Why to use »npm ci« instead of »npm install« Cover Image

Why to use »npm ci« instead of »npm install«

We had some problems with our pipelines/actions lately, which could easily be resolved by using npm ci instead of npm install.

The short version

Use npm install to update and install your dependencies. Use npm ci to only install your dependencies.

Always use npm ci in your pipelines/actions, never npm install.

Don’t compare it with composer

Personally, I do have a strong PHP background and am using composer as PHP’s Package dependency manager on a daily basis.

One of the first things you would learn about composer, is the difference between the install and update command: composer update will read your composer.json, update all dependencies, write those in your composer.lock file and install them afterwards.

In case you only want to install your packages as locked in your composer.lock file, use composer install instead. This will ensure, that your production environment uses the same dependency versions.

That does make sense, right? This is what we want to use in our pipelines or actions (depending which kind of CI/CD you are using). This does make sure to not auto-update dependencies when deploying. Maybe some updated ones might break something.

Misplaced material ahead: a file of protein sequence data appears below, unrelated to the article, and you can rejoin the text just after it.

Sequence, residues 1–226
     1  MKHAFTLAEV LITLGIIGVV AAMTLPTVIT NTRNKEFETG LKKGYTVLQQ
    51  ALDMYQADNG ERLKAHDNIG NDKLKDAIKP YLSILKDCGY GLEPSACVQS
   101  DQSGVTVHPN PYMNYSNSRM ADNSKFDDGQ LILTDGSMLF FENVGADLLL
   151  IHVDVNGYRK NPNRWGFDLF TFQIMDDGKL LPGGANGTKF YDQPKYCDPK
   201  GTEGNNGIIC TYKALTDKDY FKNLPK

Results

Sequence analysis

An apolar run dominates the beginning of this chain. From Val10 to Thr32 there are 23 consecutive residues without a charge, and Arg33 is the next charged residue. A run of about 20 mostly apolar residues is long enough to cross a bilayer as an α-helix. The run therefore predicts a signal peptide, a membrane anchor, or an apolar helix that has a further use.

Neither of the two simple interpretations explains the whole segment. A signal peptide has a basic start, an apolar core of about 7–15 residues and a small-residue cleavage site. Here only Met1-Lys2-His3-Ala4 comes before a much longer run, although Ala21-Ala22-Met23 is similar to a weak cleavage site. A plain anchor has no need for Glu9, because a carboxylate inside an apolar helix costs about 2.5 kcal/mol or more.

Let’s transfer this knowledge to npm

Do we agree, that we want to update dependencies locally, lock those dependencies in our lock-file and only want to install those dependencies as we did lock them?

This does avoid any auto-update which might break something in you application. That’s the exact reason, composer install is being widely used in all production pipelines that I have seen.

npm install does work in a different way than composer install

This is the key element to understand! Those commands are not the same. Let me explain:

Unlike composer install, npm install will update your dependencies before installing. This isn’t logical at all when you have a PHP background, but it’s important to understand and you need to deal with it.

Running npm install or npm update are nearly the same and will update your package-lock.json, which is what you want to avoid in production.

If you want the same functionality as composer install, use npm ci.

Use npm ci if you don’t want to update

npm ci will parse your package-lock.json, won’t do any updates and install those packages.

This is exactly the same as using composer install in the PHP world.

Please update your Pipeline or Actions

If you do use any kind of Pipelines or Actions, make sure to use npm ci, to avoid any problems.

This will avoid merge conflicts. Just in case: Yes, you should version control your package-lock.json file, so every developer working with your project will use the same dependencies as you do and as your production environment does.

Besides this and other occurring problems, it will make your pipelines and actions faster, as npm ci will be finished in less time than install.

I hope this was helpful.

Cover image by https://unsplash.com/@romanenko29061983


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